To use a toy example for illustration, assume that husbands can exist without wives. But that’s absurd. If there are no wives, there can be no husbands, and vice versa. Therefore, husbands depend for their existence on wives, and vice versa.
All that this toy argument establishes is conceptual or terminological interdependence of “husband” and “wife”. The men and women marked out by these terms can certainly exist without the other. How does Nagarjuna make the leap from conceptual/terminological interdependence to ontological interdependence?
Now of course this is an extremely uncharitable parody of Nagarjuna. But it might apply to at least some of his arguments. E.g., if the Fire and Fuel chapter used the word “wood” instead of “fuel”, I suspect some arguments may not work (e.g., fuel cannot be fuel without fire, but wood can certainly be wood).
There is no doubt a rich variety of arguments in the Mulamadhyamakakarika, and the correct reading must be extraordinarily complex. So I would appreciate any recommendation on which translation or commentary (I’ve read Garfield) is the most helpful in removing the kind of worry I have.
Hi again, Boram. Thank you for all the fascinating posts.
I hardly think all of Nāgārjuna’s arguments, whether in the MMK or Vv, are convincing. His arguments in the MMK often address different issues; some of them are about conceptual correlativity, some about causal powers, and some about identity and difference.
In terms of the chapter you talk about above, indhana is actually “wood,” but more specifically in this chapter it is treated as “kindling.” In this chapter, Nāgārjuna is primarily concerned with whether or not fire and wood-as-kindling are the same or different from one another (satattvaṃ ye bhāvānāṃ ca pṛthak pṛthak). Most of the chapter’s argument, however, is focused on establishing that fire cannot be fire without kindling, since then there would be no causal account of fire being ignited. The arguments about kindling are not so much arguments entailing that wood could not exist without fire, but that, in order for wood to be kindling, it must be ignited by some causal factors. To give an account of burning kindling, then, an analysis of the sameness or difference of fire and wood will not do, because for that account we need to explain their causal interaction (prāpsyate). He actually alludes in this same chapter to a man and a woman, but in Vv. his preferred example is father and son, and in both cases, if we want to explain these pairs *as* “husband and wife” or “father and son,” we need a casual story that accounts for the mutuality in the relation. These kinds of causal accounts will not be simple, linear ones–they will not be clarified at all by mere reference to svabhāva or parabhāva–, but instead will be complex. One might object that these relations are about conceptual correlatives, but that seems to me to be part of the point, namely that our relationships and the activities we undertake in those relationships do involve social norms. Our lives are not just about physical interaction, but are also about interactions within the purview of vyavahāra. The need for causal accounts that explain mutual arising is why, at the end of the Vv, Nāgārjuna feels justified in pointing out that his epistemological critiques in that work are not intended to annihilate the notions of pramāṇa and prameya entirely, but to elucidate the fact that a specific “pramāṇa-prameya” complex arises from causal interaction and cannot be accounted for through inherent sameness or difference. Now, whether one finds Nāgārjuna’s arguments here compelling–or even pertinent–or not, I think his intention almost all of the time is to undermine causal accounts that base their validity on the supposed svabhāva of individual phenomena.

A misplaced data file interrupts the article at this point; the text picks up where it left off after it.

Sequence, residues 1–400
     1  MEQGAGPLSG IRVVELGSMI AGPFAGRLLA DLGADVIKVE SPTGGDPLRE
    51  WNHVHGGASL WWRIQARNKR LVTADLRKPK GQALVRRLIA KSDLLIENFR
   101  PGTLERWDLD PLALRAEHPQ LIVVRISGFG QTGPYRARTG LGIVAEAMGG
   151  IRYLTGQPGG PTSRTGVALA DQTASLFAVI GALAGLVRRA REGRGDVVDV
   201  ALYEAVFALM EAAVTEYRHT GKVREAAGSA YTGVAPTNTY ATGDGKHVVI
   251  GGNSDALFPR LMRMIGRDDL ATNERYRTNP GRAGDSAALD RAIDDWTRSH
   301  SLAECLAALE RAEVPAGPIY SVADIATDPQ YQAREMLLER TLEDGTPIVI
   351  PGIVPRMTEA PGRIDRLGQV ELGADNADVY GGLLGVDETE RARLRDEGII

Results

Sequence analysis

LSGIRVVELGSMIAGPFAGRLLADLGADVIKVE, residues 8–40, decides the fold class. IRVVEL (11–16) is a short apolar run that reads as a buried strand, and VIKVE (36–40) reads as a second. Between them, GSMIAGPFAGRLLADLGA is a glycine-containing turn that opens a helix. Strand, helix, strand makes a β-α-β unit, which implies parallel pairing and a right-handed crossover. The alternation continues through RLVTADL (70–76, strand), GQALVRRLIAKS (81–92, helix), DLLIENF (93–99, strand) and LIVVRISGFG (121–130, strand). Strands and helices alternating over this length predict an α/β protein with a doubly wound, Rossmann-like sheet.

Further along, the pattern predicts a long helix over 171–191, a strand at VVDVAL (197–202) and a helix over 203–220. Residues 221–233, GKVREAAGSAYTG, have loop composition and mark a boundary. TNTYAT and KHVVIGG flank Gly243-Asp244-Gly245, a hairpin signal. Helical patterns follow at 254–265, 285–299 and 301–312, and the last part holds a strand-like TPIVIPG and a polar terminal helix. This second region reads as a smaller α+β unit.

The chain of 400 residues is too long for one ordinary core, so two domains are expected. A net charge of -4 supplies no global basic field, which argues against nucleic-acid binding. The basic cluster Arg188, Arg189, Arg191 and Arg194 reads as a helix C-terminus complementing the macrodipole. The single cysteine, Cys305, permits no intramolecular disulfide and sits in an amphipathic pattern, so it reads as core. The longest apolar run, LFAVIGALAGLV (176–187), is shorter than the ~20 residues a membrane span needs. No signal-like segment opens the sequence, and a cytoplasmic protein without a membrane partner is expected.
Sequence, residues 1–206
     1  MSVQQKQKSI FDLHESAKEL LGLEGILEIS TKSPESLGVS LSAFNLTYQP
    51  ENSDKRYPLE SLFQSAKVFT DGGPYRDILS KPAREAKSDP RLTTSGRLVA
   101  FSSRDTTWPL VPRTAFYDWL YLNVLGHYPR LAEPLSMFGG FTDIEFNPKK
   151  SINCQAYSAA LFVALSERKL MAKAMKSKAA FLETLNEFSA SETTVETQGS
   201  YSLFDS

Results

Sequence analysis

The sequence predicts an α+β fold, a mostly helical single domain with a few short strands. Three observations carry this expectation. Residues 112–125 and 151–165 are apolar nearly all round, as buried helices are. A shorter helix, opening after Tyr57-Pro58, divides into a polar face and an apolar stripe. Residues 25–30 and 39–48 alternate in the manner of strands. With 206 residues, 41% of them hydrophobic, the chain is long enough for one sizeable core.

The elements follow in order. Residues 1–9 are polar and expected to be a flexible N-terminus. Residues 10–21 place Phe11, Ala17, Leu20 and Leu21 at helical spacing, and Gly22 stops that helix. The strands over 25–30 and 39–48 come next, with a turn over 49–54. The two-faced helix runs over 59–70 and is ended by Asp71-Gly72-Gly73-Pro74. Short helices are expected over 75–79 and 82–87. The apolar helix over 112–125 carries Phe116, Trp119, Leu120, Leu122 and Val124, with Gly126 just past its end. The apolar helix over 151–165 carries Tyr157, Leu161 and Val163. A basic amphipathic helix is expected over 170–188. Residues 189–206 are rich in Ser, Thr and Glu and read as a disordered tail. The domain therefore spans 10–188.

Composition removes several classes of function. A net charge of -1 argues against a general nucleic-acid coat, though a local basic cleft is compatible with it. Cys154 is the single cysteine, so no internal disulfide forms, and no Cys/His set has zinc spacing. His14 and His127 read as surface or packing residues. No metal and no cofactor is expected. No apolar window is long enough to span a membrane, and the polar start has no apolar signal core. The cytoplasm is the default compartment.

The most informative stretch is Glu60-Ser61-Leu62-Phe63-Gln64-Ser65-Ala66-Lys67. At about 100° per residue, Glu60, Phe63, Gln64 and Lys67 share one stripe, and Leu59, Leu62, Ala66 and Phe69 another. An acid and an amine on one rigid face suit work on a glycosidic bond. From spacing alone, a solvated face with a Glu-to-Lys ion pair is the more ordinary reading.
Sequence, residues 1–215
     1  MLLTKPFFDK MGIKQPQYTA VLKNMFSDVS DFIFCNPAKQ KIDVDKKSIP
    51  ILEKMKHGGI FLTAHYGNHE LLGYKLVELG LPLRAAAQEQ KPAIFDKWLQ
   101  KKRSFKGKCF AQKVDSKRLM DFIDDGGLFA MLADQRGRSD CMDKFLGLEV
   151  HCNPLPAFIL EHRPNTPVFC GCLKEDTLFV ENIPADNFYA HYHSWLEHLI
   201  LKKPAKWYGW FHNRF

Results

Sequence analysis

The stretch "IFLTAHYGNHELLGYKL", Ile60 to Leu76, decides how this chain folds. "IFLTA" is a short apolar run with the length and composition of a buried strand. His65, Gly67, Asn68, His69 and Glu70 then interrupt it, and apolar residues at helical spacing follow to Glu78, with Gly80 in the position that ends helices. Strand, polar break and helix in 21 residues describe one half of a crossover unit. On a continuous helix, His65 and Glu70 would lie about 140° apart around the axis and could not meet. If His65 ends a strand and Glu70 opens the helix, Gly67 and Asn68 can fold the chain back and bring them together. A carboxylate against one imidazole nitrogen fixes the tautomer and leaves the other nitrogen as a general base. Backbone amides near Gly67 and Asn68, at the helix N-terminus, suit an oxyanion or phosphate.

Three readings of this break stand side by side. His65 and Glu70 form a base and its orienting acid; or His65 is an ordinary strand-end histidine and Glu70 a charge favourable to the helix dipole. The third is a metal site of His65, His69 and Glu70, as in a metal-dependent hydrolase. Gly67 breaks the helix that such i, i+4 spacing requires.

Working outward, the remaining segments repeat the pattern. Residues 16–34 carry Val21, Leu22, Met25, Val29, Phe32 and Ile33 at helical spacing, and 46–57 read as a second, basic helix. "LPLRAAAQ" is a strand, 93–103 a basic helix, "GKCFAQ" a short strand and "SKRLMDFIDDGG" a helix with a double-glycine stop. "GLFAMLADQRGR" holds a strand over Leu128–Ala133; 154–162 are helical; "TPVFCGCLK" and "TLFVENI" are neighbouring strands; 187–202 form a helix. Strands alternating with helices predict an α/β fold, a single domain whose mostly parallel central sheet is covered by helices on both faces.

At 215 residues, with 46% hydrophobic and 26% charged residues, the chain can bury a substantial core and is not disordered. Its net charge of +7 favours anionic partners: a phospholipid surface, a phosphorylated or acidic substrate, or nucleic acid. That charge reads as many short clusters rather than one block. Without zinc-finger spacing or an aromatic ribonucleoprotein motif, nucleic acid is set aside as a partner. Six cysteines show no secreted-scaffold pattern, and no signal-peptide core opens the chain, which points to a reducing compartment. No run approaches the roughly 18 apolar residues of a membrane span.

As far as translations are concerned, as someone who has studied Nāgārjuna a lot, I am probably not completely satisfied with any one translation. If I had to pick one English translation to prefer, I suppose it would be the one by Siderits and Katsura. So far, the piece of secondary literature on Nāgārjuna I like the most is Joseph Walser’s Nāgārjuna in Context, which for the most part is excellent, though I think at times he places some of Nāgārjuna’s arguments far closer to those of the Pudgalavādins than I would.
Thank you very much for this exceedingly clear explanation! The “father and son” analogy from Vv is much better than the one I made up about husbands and wives, since, as you point out, there is a causal story to account for the terminological correlation. Likewise for “indhana and fire”.